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08KYIV2111, TYMOSHENKO APPEALS TO USG: UKRAINE HAS “HOURS, NOT

October 21, 2008

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08KYIV2111 2008-10-21 14:08 2011-08-30 01:44 CONFIDENTIAL Embassy Kyiv
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VZCZCXYZ0000
OO RUEHWEB

DE RUEHKV #2111/01 2951408
ZNY CCCCC ZZH
O 211408Z OCT 08
FM AMEMBASSY KYIV
TO RUEHC/SECSTATE WASHDC IMMEDIATE 6581
INFO RUCNCIS/CIS COLLECTIVE IMMEDIATE
RUEHZG/NATO EU COLLECTIVE IMMEDIATE
RHEHAAA/NATIONAL SECURITY COUNCIL WASHINGTON DC IMMEDIATE
RUCPDOC/DEPT OF COMMERCE WASHINGTON DC IMMEDIATE
RUEATRS/DEPT OF TREASURY WASHINGTON DC IMMEDIATE

C O N F I D E N T I A L KYIV 002111 
 
SIPDIS 
 
DEPT FOR EUR, EUR/UMB, EEB/OMA 
DEPARTMENT PLEASE PASS TO TTORGERSON 
 
E.O. 12958: DECL: 10/21/2018 
TAGS: EFIN PGOV PREL ECON ETRD XH UP
SUBJECT: TYMOSHENKO APPEALS TO USG: UKRAINE HAS "HOURS, NOT 
DAYS" TO TACKLE CRISIS 
 
REF: KYIV 2105 AND PREVIOUS 
 
Classified By: AMBASSADOR WILLIAM B. TAYLOR, REASONS 1.4(B) AND (D) 
 
1. (U) This is an Action Request.  See Summary and Paragraphs 
11 and 12. 
 
Summary 
------- 
 
2. (C) At a late night meeting on October 20, Prime Minister 
Tymoshenko told the Ambassador that Ukraine had "hours, and 
not days" to restore confidence in the country's financial 
system.  The situation in the country was more dire than 
commonly believed, she claimed.  She and Finance Minister 
Pynzenyk asked the USG to encourage the IMF to approve a 
support package at an IMF Board meeting on October 22 in 
Washington.  Tymoshenko also asked that the highest levels of 
the USG weigh in with President Yushchenko to cancel snap 
elections now scheduled for December 14.  The IMF would put 
tough restrictions on Ukraine in return for support. Rada 
backing for the unpopular measures would be difficult in the 
best of cases, and impossible with elections looming, 
Tymoshenko and Pynzenyk argued. 
 
3. (C) Action Request: Ukraine's financial situation is 
precarious, but most observers do not yet see a meltdown as a 
foregone conclusion.  Nonetheless, swift IMF action now 
appears to be the only possibility to restore confidence in 
Ukraine in the short run, and we urge Washington to weigh in 
with the IMF as Tymoshenko is requesting.  Whatever her 
political motives may be in seeking USG help to delay the 
election sought by Yushchenko, Tymoshenko is nonetheless 
correct that continued political infighting will prevent 
Ukraine from adequately addressing the crisis, and may even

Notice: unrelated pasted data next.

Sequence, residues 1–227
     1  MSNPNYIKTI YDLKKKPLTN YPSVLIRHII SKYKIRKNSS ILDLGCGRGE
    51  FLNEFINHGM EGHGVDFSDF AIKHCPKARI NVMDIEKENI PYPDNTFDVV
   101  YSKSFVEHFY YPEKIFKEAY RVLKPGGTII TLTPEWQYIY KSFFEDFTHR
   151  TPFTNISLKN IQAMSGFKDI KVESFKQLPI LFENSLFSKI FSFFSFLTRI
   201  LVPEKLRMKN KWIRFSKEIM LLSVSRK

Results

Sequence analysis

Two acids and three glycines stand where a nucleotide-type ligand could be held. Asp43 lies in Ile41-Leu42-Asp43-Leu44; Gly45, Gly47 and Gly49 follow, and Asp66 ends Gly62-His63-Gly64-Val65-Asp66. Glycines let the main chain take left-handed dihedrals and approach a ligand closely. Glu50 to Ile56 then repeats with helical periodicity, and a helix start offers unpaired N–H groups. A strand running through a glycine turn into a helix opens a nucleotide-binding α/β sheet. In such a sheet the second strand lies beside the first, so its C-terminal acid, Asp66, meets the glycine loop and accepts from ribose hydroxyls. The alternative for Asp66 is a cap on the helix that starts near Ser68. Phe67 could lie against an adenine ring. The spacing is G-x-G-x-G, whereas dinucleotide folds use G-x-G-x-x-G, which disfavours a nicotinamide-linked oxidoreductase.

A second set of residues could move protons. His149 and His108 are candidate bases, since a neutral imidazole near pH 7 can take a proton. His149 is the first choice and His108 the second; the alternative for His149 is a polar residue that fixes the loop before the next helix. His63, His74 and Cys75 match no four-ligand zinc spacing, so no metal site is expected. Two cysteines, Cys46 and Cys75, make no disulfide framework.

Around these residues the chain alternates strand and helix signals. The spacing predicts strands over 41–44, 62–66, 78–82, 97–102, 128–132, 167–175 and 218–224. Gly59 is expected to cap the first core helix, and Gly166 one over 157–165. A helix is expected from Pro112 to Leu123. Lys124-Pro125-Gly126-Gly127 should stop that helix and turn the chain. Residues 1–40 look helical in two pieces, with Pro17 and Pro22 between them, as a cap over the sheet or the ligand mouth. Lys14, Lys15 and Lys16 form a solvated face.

neutralize the positive effects of an IMF program.    End 
summary and action request. 
 
"Hours, and Not Days" 
--------------------- 
 
4. (C) Prime Minister Yulia Tymoshenko summoned the 
Ambassador to an 11 p.m. meeting on October 20 to seek USG 
support for an IMF support package and to postpone early 
parliamentary elections.  Flanked by Deputy PM Hryhoriy 
Nemyrya and Finance Minister Victor Pynzenyk, Tymoshenko used 
dramatic language to argue that Ukraine's financial system 
was in a far more precarious situation than commonly 
believed.  Things were deteriorating rapidly, and Ukraine had 
"hours, and not days," to restore confidence.  Pynzenyk said 
action was necessary by the end of the week.  If swift action 
were not taken, both Tymoshenko and Pynzenyk told the 
Ambassador, the banking system and the hryvnia could 
collapse.  Restoring confidence after a complete collapse 
would be a long and painful process, they said. 
 
5. (C) Tymoshenko said that Ceyla Pazarbasioglu, head of the 
IMF delegation currently in Kyiv, was equally alarmed by the 
situation.  The delegation had prepared a support package 
that now needed the approval of the IMF Board.  Tymoshenko 
said the IMF would share all details of the package only 
after approval by the IMF Board.  However, Tymoshenko claimed 
the package could be "the most ambitious program in IMF 
history."   Nemyrya said it could be larger than the $14 
billion figure mentioned by GOU and NBU officials in recent 
days. 
 
IMF To Link Support to Tough Conditions 
--------------------------------------- 
 
6. (C) Although details were still missing, Tymoshenko and 
Pynzenyk said, Ukraine already knew that the IMF would expect 
tough measures in return for its support.  Responding to a 
question by the Ambassador, Tymoshenko confirmed that Ukraine 
would need to limit growth in salaries and pensions, a main 
driver of growth, inflation and the ballooning current 
account deficit.  Pynzenyk said the GOU would provide 
immediate and significant support to banks.  It would also 
make changes to the budget and pass a number of other laws. 
They were not more specific on fiscal changes expected by the 
IMF, nor did they indicate whether the IMF might require the 
National Bank of Ukraine to modify its policy of pegging the 
hryvnia to the dollar. 
 
7. (C) The measures would be highly unpopular, Pynzenyk said, 
and difficult to pass in the Rada.  In particular, the Rada 
would not approve tough measures without assurances that the 
IMF would actually deliver on its part of the deal.  If 
neither the IMF nor the Rada acted soon, the situation could 
worsen beyond repair, Pynzenyk said.  Hence speed was of the